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Stress, Psychological clinical trials at UC Health
6 in progress, 2 open to new patients

  • Maternal Emotions and Diet in Pregnancy

    open to eligible females ages 18-40

    This study seeks to understand how a mother's emotional state in pregnancy influences her biological response to food intake.

    at UC Irvine UCSF UC Davis

  • Stress Free UCR: The Impact of 8 Weeks of Headspace on Stress in a Heterogeneous University Employee Cohort

    open to eligible people ages 18 years and up

    The aim of this study is to test the effects of a digital meditation intervention in a sample of high stress UCR employees. We will randomize UCR employees to 8-weeks of either a digital mindfulness intervention (using the commercially available application Headspace) or a waitlist control condition. Participants assigned to the intervention group will be asked to download and use the Headspace mobile application for 10 minutes per day for 8 weeks. They will be asked to fill out short (no longer than 30 minutes long) questionnaires at baseline, week 4, week 8 (post intervention), and a 4-month follow up period. Participants who are randomized to the digital meditation intervention will also take part in a 1-year follow up. All activities will take place online (via computer or smartphone), and on the participants' own time.

    at UCSF

  • Massive Individualized N-of-1 Experiments (MINEs)

    Sorry, not yet accepting patients

    The project will enroll up to 10,000 adult volunteers in individualized experiments (N-of-1 trials) designed to assess the individual-level effects of any of five interventions on three outcomes. The five interventions are: gratitude journaling, mindfulness meditation, random acts of kindness, physical activity, and laughter therapy. The three outcomes are stress, cognitive focus, and happiness. Each participant will engage in the selected activity in 3 day intervals, separated at random by 3 day intervals of usual activity, for a total of six 3-day periods (18 days).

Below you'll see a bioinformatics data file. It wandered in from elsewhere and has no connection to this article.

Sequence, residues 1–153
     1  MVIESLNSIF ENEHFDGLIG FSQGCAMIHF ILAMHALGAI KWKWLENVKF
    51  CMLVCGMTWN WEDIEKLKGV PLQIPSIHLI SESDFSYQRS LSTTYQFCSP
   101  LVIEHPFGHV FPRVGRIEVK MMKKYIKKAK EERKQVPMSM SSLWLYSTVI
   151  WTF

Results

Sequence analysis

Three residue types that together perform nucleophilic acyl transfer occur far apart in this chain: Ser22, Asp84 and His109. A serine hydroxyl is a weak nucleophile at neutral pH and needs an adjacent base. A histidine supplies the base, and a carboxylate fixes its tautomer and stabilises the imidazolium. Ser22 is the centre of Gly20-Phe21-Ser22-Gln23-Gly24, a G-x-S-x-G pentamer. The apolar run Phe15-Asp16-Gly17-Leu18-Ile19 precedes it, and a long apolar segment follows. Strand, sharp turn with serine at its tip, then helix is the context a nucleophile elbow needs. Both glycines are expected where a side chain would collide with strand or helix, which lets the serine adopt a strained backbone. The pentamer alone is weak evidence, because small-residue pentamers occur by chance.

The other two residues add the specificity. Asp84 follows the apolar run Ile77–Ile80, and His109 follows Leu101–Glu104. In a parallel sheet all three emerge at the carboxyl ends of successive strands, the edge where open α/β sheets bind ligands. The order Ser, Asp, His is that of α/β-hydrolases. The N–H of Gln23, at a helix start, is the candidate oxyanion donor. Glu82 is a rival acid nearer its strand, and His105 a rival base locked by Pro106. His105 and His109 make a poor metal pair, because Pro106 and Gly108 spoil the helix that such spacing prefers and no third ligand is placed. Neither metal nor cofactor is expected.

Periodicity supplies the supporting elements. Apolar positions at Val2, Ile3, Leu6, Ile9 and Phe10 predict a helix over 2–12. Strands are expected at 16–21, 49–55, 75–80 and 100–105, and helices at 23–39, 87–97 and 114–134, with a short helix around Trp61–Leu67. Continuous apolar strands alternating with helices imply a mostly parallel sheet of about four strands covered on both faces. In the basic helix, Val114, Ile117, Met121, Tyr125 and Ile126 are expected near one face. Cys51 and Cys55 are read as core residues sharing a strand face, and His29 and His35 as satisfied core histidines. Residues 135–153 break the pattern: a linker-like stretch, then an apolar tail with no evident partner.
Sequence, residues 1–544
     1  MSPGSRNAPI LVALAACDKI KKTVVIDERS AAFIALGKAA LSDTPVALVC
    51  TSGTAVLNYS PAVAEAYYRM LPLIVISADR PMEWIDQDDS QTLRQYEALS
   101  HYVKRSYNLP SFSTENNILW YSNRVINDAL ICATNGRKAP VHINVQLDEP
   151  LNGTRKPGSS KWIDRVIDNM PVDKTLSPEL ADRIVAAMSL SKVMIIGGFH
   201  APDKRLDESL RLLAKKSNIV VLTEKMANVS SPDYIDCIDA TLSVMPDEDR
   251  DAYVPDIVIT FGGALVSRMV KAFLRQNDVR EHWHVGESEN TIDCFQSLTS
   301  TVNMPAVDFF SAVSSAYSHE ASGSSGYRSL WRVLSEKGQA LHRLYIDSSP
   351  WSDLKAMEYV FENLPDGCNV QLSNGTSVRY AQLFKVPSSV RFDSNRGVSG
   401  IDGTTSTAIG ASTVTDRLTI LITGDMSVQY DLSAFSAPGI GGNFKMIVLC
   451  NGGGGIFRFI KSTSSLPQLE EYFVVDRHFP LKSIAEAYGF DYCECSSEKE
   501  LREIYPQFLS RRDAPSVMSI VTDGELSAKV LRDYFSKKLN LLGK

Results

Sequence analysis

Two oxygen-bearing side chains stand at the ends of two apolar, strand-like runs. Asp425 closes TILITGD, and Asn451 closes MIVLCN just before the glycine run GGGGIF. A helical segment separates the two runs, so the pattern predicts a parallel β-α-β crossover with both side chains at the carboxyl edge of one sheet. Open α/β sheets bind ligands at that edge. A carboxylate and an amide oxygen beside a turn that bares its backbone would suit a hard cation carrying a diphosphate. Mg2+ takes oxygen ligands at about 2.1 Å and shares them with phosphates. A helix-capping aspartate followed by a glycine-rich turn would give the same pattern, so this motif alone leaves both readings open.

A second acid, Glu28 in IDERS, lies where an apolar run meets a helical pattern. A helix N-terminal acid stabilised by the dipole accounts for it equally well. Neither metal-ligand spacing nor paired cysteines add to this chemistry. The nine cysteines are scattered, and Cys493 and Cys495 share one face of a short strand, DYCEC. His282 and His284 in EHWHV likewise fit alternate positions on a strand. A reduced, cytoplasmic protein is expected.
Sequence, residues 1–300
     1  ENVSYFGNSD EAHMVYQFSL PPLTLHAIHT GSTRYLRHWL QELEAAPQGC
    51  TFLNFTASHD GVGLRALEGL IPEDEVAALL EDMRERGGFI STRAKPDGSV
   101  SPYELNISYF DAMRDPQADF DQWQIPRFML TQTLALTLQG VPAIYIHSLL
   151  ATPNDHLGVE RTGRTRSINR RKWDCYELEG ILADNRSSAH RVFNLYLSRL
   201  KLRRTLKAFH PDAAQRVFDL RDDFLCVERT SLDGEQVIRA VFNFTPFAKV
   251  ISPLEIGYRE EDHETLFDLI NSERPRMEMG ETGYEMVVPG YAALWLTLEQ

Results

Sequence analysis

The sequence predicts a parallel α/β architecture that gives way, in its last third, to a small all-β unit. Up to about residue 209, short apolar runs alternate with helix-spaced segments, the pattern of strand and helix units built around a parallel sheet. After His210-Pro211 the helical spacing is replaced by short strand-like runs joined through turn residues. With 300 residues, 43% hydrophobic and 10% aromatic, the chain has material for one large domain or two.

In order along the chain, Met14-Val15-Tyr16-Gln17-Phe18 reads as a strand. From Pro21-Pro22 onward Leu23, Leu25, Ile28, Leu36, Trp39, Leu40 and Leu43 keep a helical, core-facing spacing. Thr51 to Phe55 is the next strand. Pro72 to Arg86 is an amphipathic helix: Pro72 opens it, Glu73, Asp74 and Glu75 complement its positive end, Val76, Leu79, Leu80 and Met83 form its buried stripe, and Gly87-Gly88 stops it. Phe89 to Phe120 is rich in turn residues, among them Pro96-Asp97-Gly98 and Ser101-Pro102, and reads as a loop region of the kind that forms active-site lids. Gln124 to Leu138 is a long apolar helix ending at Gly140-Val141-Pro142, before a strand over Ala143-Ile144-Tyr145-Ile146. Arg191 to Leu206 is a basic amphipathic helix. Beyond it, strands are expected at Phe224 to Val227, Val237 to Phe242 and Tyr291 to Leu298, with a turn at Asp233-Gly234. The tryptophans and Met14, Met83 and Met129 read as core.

at UC Davis UCSF UCSD

  • Mobile Web-based Behavioral Intervention for Improving Caregiver Well-being

    Sorry, not yet accepting patients

    Caregivers suffer great amounts of distress that significantly impacts their mental and physical well-being, yet caregivers' access to quality, evidence-based care is currently very limited. The public health significance of the proposed study is that our internet and mobile-based web intervention will (1) significantly reduce caregiver distress and improve caregivers' overall well-being, and (2) dramatically increase caregivers' access to high quality, evidence-based care at relatively low cost.

    at UCSD

  • Stress Management for Cancer Patients: How Well Does it Work? (C2H-D)

    Sorry, in progress, not accepting new patients

    Psychological interventions for cancer patients have been tested and found to reduce stress and improve quality of life. These interventions have been tested at academic medical centers but have not been available for use by community mental health professionals. One such intervention is the Biobehavioral Intervention (BBI), developed by Professor Barbara L. Andersen and colleagues at Ohio State (OSU). Current funding has enabled the investigators to train mental health professionals from across the country to deliver the BBI at their institution. Recently diagnosed cancer patients who are participating in the BBI group at these institutions may participate in a research study completing self report measures asking about psychological and behavioral outcomes (for example, mood, stress, diet and physical activity). The investigators hypothesize that individuals participating in the intervention will report improvements in outcomes, such as reduced stress and improved mood, reduced symptoms of the disease and treatment, etc., after completing the intervention and continue to report these improvements up to 6 months after the group ends. OSU will coordinate this data collection project but information about participating sites is listed in

    at UC Davis

  • The Impact of 8 Weeks of a Digital Meditation Application on Work Stress

    Sorry, not yet accepting patients

    The aim of this study is to test the effects of a digital meditation intervention in a sample UCSF employees who report mild to moderate stress. We will randomize UCSF employees to either 8-weeks of a digital meditation intervention (using the commercially available application Headspace) or a waitlist control condition.

    at UCSF

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